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France's role in European space policy

In the space sector, Europe offers the most pertinent framework for achieving France’s objectives in numerous large-scale projects. France therefore plays an active part in implementation of the European Space Policy (ESP) and in major flagship EU programmes (Galileo and GMES).

A European cooperation frameworkThe Ministry of Foreign Affairs (MAE) participates in the work of ministerial bodies responsible for formulating France’s position on European space policy and sits on the French delegations to the various bodies dealing with these issues, the most notable being the European Union, the European Space Agency (ESA) and the EC-ESA high-level space policy group.

At ministerial level, the ESA Space Council is responsible for decisions relating to Agency programmes. At its meeting in Berlin on 5 and 6 December 2005, the Council adopted a resolution giving preference to European launchers for ESA missions. In March 2006, France decided unilaterally to apply this principle to French space missions. The Franco-Italian Summit of 30 November 2007 also adopted a Franco-Italian declaration on European preference regarding space access. Following the first successful launch of the Vega small launcher on 13 February 2012, Europe now has a complete array of launchers ranging from heavy (Ariane 5) to medium (Soyuz, launched from the Guiana Space Centre, CSG) and light (Vega). The ESA held a Council at Ministerial Level in Caserta (Italy) on 20-21 November 2012.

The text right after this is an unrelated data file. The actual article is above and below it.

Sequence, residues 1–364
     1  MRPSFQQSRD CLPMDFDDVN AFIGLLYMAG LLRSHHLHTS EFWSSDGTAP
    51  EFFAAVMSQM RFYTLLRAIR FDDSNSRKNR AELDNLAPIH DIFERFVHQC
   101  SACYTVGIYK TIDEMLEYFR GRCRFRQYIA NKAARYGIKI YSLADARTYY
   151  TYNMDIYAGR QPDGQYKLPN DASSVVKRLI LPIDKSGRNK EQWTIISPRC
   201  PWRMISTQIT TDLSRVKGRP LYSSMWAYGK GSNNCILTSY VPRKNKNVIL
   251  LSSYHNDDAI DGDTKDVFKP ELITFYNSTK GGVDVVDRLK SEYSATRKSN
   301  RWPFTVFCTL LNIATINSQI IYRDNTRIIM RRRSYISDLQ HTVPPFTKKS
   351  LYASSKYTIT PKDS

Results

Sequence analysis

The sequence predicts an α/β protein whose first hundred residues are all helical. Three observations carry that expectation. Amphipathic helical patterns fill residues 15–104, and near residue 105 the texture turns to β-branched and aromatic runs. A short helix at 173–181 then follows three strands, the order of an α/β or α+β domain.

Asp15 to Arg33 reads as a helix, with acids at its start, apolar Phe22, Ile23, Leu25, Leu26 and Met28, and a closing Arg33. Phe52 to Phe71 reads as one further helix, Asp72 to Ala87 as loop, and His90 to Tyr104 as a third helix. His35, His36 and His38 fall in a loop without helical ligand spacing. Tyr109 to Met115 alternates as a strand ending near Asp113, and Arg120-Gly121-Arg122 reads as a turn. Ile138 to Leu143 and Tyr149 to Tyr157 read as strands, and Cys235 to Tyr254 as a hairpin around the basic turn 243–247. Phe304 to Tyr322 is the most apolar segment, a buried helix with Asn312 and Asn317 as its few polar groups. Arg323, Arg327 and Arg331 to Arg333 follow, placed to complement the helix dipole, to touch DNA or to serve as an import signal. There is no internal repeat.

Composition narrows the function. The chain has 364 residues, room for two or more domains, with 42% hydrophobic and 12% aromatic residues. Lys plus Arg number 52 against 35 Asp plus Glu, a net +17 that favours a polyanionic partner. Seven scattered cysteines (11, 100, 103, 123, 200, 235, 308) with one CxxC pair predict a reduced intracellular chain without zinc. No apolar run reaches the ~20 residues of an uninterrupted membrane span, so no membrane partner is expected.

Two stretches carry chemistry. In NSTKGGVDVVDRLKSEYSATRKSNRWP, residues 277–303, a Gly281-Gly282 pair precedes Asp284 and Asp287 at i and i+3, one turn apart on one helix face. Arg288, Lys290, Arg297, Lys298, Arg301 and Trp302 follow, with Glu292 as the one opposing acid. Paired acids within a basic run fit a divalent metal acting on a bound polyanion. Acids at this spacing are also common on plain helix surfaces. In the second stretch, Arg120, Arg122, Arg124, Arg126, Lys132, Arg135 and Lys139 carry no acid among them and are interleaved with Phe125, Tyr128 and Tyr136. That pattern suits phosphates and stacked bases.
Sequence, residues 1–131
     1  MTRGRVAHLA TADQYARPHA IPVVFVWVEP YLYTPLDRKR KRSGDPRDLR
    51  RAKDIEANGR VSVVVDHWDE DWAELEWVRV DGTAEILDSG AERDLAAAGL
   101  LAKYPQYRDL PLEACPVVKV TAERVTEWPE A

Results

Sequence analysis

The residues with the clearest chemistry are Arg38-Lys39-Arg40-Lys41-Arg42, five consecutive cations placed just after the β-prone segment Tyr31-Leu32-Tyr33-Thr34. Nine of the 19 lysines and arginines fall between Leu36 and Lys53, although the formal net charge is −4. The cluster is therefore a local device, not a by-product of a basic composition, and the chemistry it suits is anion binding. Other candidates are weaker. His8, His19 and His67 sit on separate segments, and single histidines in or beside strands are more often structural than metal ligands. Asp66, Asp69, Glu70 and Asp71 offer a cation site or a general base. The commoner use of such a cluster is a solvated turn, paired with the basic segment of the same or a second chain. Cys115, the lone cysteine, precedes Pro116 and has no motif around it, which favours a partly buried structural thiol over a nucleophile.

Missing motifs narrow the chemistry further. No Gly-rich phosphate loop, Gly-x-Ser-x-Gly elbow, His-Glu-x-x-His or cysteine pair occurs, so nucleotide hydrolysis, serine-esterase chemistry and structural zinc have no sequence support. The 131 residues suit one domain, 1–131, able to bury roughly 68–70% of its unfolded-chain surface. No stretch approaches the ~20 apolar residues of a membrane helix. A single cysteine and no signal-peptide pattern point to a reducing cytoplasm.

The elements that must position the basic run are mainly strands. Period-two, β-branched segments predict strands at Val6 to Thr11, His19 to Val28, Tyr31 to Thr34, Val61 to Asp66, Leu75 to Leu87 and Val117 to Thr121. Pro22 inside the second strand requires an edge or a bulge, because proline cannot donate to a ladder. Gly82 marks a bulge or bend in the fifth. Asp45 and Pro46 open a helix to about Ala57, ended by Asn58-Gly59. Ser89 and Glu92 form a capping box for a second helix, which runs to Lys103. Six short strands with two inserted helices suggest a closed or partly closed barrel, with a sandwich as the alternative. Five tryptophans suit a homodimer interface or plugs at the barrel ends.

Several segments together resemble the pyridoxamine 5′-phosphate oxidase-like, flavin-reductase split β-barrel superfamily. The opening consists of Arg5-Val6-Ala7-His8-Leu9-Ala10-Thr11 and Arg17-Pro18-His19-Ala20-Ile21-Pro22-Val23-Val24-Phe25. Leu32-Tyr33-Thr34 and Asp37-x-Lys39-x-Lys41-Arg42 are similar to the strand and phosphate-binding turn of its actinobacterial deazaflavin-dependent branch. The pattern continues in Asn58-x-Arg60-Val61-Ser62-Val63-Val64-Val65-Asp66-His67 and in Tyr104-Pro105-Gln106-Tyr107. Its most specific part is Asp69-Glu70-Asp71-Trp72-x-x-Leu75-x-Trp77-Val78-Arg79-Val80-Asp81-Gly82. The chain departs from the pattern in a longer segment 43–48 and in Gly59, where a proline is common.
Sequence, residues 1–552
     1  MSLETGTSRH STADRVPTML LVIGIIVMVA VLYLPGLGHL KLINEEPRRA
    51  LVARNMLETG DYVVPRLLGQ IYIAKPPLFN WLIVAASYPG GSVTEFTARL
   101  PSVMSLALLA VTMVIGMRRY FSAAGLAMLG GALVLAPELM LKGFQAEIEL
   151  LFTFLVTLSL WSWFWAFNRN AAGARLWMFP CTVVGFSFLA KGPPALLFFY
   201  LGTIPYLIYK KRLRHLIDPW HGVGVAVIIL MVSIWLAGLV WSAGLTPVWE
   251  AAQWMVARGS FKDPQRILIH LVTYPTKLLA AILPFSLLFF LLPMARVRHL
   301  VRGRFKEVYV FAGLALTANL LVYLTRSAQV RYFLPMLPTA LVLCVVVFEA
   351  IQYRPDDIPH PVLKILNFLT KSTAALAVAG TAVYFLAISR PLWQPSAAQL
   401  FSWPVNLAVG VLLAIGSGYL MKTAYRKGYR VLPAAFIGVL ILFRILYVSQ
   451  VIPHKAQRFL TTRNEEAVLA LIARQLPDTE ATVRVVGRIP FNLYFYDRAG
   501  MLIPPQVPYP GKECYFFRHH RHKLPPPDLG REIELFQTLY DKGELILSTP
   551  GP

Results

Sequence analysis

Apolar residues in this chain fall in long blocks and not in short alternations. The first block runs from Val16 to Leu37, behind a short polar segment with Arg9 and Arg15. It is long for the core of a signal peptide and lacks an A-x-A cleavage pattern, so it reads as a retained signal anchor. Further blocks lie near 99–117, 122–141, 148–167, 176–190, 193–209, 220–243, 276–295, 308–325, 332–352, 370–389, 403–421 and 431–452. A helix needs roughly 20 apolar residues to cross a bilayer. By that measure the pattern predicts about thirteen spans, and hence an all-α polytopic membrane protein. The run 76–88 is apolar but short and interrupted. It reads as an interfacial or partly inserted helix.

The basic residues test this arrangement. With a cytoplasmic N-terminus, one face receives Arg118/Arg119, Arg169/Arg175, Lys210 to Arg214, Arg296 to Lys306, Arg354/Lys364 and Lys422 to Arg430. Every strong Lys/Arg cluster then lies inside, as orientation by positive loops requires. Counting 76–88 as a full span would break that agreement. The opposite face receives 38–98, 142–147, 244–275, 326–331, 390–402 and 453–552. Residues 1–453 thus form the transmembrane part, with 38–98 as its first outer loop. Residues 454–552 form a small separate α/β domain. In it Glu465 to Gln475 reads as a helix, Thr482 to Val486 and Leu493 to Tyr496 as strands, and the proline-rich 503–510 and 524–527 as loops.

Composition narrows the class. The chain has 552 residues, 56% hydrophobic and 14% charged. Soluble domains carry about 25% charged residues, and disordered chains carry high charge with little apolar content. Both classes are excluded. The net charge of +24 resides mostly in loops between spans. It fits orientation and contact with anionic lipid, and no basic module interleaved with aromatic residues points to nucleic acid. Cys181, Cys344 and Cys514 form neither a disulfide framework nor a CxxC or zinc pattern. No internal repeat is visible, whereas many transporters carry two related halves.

Progress under France’s EU PresidencyInitially, the Space Council, which first met on 25 November 2004, was supported by the Competitiveness Council and the ESA Council at Ministerial Level. It provided the forum in which the main orientations of European space policy were determined. The 4th Space Council meeting (May 2007) adopted a resolution on "the European Space Policy".

The 5th Space Council meeting (26 September 2008), held under the French Presidency of the Council of the European Union, adopted a resolution on "taking forward the European Space Policy". The resolution noted that European space policy rests on three pillars: the European Union, the European Space Agency and their member States. It also proposed new initiatives, particularly as regards the contribution that space technology could make to combating climate change and to competitiveness, employment and security in Europe.

The Presidency Conclusions of the European Council meeting of 11-12 December 2008 identified "space technology and the services arising from it" as one of the technologies of the future under the Lisbon strategy beyond 2010 and a candidate for inclusion in the European Plan for Innovation.

Under the French Presidency of the European Union, significant progress was made on the contribution of space technology to Europe’s defence and security. The Council declaration of 8 December 2008 on the enhancement of the capabilities of the European Security and Defence Policy decided to strengthen information-gathering and space-based intelligence through a variety of steps: making Cosmo Skymed and Helios 2 satellite images available to the European Union Satellite Centre (EU SatCen), issuing a letter of intent to that effect for the SAR-Lupe satellite, making preparations for a new generation of observation satellites (MUSIS programme) and factoring military requirements into space surveillance.

On the political front, the first draft of the Code of Conduct for Outer Space Activities was officially published at the General Affairs External Relations Council meeting of 8 December 2008. Following the first round of consultations, a revised draft was adopted by the EU Council on 27 September 2010.


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